University City

UNCC professor values his role as a mentor

When I decided to enter graduate school in my mid 30’s, it was a daunting undertaking. The world had changed since I had last been in an academic setting and I was out of my element.

I found it rewarding to pursue an education in something I was passionate about. However, it came with challenges. I had no clue how to do a proper research paper, had never given a Power Point presentation before and was uncomfortable with the public speaking that was involved.

Luckily, my first class was taught by Dr. Bruce Arrigo, 51, a professor of Criminal Justice and Criminology at UNCC. Arrigo turned out to be a mentor to me, providing invaluable advice, encouragement and inspiration throughout my time in the graduate program and beyond.

Despite his demanding schedule, he was always available when I had a problem. Whether it was an academic struggle or a personal one, he offered support and suggestions. I received my Master’s in Criminal Justice in 2010.

He was the first person to encourage my writing and gave me some great ideas on where and how to start. Following his advice, I was able to start my writing career by publishing several book reviews in academic journals.

Arrigo comes from a family of educators and grew up in a culture where an inquisitive mind was encouraged. Dinner conversations varied from art and culture, to history. His family often has stimulating discussions, in which everyone did not always agree, but always respected one another.

Fostering thought-provoking discourse among those with differing viewpoints is a hallmark of Arrigo’s teaching ethos. He believes in Socratic learning, where deeper appreciation of exploring issues is fostered.

Arrigo is a mentor to many students, pushing them to think outside their intellectual comfort zone and to use critical thinking skills to question the conventional wisdom. He is engaged in issues of social justice, especially pertaining to the criminal justice system and believes we need to reconsider the way we treat those people we regard as dispensable or unredeemable.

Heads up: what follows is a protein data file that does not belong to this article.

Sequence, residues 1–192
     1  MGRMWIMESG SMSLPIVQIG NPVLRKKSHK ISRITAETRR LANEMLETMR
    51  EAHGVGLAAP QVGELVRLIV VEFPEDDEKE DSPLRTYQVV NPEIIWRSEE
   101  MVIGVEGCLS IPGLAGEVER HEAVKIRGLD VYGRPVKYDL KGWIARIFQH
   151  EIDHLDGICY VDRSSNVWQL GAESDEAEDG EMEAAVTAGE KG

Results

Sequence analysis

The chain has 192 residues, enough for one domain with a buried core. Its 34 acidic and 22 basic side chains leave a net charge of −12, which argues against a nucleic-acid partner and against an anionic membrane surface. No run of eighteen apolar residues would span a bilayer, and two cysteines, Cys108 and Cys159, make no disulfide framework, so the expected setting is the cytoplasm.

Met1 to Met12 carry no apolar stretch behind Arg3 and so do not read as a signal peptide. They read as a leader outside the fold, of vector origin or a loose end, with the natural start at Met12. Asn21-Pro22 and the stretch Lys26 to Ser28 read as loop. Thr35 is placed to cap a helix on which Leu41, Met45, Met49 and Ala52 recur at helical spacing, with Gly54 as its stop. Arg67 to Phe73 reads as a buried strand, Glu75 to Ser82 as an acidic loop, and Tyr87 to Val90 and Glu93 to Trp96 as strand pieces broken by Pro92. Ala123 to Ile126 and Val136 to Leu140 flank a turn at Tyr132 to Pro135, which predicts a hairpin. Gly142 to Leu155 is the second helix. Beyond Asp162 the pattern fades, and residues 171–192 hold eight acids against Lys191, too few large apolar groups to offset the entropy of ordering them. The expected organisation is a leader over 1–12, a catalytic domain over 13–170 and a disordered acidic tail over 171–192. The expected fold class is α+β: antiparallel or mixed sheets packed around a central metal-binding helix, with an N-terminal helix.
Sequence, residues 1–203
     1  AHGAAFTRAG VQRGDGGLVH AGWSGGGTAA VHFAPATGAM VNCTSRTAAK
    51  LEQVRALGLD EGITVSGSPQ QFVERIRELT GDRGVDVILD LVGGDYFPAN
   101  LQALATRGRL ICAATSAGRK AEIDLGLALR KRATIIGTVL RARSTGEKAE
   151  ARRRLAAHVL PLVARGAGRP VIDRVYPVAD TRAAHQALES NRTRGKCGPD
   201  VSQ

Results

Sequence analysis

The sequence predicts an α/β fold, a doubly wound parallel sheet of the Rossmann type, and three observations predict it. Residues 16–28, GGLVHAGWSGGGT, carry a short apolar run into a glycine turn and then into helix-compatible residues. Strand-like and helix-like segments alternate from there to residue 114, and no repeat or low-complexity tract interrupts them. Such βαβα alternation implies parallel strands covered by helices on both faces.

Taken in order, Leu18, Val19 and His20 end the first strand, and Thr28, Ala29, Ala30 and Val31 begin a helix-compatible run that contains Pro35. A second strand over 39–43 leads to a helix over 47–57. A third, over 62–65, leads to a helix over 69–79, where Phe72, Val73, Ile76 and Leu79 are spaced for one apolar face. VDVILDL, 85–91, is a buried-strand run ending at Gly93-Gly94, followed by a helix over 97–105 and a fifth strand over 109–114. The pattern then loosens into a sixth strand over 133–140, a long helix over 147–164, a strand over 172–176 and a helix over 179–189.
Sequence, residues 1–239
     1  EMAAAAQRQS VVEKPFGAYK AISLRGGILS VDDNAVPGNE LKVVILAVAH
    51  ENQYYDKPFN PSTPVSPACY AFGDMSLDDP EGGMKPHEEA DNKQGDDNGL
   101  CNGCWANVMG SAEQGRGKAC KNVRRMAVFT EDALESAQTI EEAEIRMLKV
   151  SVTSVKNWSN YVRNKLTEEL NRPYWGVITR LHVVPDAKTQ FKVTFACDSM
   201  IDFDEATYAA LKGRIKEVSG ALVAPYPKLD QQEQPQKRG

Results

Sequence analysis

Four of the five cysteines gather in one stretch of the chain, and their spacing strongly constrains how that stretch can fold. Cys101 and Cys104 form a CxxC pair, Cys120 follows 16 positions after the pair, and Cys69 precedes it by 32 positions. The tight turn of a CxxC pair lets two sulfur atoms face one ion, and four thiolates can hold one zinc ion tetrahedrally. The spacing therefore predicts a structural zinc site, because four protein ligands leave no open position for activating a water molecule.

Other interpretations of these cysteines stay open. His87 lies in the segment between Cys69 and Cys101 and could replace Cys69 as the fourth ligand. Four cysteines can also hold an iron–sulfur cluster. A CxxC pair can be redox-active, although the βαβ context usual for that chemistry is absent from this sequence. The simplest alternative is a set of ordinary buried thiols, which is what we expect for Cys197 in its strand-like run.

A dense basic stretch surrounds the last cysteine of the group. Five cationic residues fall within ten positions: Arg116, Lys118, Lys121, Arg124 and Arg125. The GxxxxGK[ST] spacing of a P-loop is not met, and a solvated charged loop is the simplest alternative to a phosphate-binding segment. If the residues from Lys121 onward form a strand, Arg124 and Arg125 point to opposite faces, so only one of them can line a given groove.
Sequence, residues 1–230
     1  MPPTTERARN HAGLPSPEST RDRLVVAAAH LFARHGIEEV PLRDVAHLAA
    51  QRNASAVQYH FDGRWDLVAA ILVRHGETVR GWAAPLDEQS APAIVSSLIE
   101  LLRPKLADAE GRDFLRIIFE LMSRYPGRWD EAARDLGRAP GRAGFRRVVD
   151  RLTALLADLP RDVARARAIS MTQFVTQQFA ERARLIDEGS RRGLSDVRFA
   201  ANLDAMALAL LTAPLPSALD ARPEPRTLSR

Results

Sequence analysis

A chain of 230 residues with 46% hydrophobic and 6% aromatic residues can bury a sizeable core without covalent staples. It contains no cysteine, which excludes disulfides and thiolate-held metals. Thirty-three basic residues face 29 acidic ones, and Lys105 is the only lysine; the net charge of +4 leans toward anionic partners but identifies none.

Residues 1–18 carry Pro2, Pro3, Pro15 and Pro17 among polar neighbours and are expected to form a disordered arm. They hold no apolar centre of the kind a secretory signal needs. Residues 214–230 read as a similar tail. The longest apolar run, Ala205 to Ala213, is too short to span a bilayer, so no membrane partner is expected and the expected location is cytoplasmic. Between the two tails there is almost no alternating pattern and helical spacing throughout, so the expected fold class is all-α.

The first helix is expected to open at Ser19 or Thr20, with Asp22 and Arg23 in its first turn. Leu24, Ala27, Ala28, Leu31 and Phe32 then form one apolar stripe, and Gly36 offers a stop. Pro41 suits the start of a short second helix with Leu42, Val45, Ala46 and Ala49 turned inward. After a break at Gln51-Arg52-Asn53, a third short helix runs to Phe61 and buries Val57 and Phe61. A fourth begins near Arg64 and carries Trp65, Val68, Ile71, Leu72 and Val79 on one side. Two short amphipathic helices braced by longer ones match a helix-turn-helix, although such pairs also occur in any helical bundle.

He believes that “by working together, we can gain insight that has the power to change our selves and society for the better.” Arrigo has always had an affinity for the plight of those at the margins of our society. Before teaching, he worked with the mentally ill, recovering addicts and those in the criminal justice system.

A prolific writer, Arrigo has published widely, and has authored (or co-authored) and edited (or co- edited) 22 books and countless scholarly articles. Several of the books and many of the articles have been collaborations with current and former students.

He finds mentoring as the “most important part of what I do.” Arrigo has remained in touch with many students over his nearly 20 years of teaching and values those relationships.

“The world is very shallow and I’m gratified that despite all the noise in the world there are moments of clarity, and real honesty, with students,” said Arrigo.

Former student Stephen O’Neil, 28, is a legal assistant at the Mecklenburg County District Attorney’s Office. He describes the impact Arrigo has had on his life: “The encouragement I received from Arrigo personally enabled me to achieve goals I honestly never thought I could,” said O’Neil.

Diana Bailey, 23, currently a student in the Criminal Justice Master’s Program at UNCC, works with Arrigo on a variety of projects.

“He has a way of enticing students to think outside our original comfort level. He has given me opportunities in the academic world that have taught me essential lessons that I can use to be successful.”

So many students have been impacted by Arrigo that he was nominated for UNCC’s 2012 Harshini V. de Silva Graduate Mentor Award.

Arrigo and his family live in Concord.

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